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    Default pipeline explosion

    If any one is from the Viola area can you give anymore details about the incident. Have not learned much from the news reports here.
    Inquiring minds want to know.

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    Default I'm from around there!

    80FIRE:
    I will PM you with an email addy. It is for one of the chiefs who responded. He can fill you in. Viola, Sherrard, Aledo, New Windsor and Alpha all responded. I have many friends on all of them. It was quite a fire!
    Take care.
    CR
    Visit www.iacoj.com
    Remember Bradley Golden (9/25/01)
    RIP HOF Robert J. Compton(ENG6511)

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    Default 80FIRE; this just in!

    Blast leaves rural Illinois field with a 40-foot crater
    By Barb Ickes
    Quad-City Times

    VIOLA, IL – The crater that was left in a farm field after Sunday’s natural gas pipeline explosion hear here is 25 feet deep, 40 feet wide and, one firefighter said Monday, “looks like the surface of the moon.”
    Dense fog that blanketed much of rural Mercer County and the rest of the region Monday made it difficult for curiosity-seekers to catch a glimpse of the charred hillside surrounding the explosion site. But, even without the fog, it is unlikely a passer-by could have seen the gigantic crater in the farm field between Viola and New Windsor.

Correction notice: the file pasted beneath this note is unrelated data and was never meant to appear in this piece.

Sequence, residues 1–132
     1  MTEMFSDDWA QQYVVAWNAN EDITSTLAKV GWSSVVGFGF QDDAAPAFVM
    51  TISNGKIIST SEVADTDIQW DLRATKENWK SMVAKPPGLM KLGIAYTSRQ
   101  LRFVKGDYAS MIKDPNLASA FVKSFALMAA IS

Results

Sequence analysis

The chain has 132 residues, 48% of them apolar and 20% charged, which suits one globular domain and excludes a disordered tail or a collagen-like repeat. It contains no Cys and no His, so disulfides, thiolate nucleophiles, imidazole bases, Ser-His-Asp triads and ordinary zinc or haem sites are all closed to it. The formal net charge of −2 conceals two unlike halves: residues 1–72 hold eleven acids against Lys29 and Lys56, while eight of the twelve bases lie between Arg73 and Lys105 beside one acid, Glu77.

Investigators and police continued Monday to block the few country lanes that lead onto the farmland between 280th and 290th streets.
    “It’s not up to me, but I think it’s really important for people to see it,” New Windsor Fire Chief Larry Roberts said. “There’s people out there who are living on top of these things. It’s like the surface of the moon out there, with the ground all red and crunchy,” he said. “It gives you an eerie, outer space feeling.”
    Roberts said it was not just people on the ground who saw the 500-foot-high flames shooting out of the earth Sunday night.
    “The FBI was dispatched out here because pilots on their way to O’Hare reported seeing this giant fireball,” he said. “Of course, we’re sensitive to this kind of thing right now, and this was bigger than anything I’ve ever seen.”
    The blaze forced the evacuation of about a dozen homes in the vicinity. It started about 6:30 p.m. in a 24-inch gas line owned by ANR Pipeline, a subsidiary of El Paso Corp., based in Houston. The line runs from Wisconsin to the Gulf of Mexico.
    Mel Scott, a spokesman for ANR Pipeline, said Monday that investigators from Houston were at the scene to help find the cause of the explosion. He said it was impossible to predict how long that will take.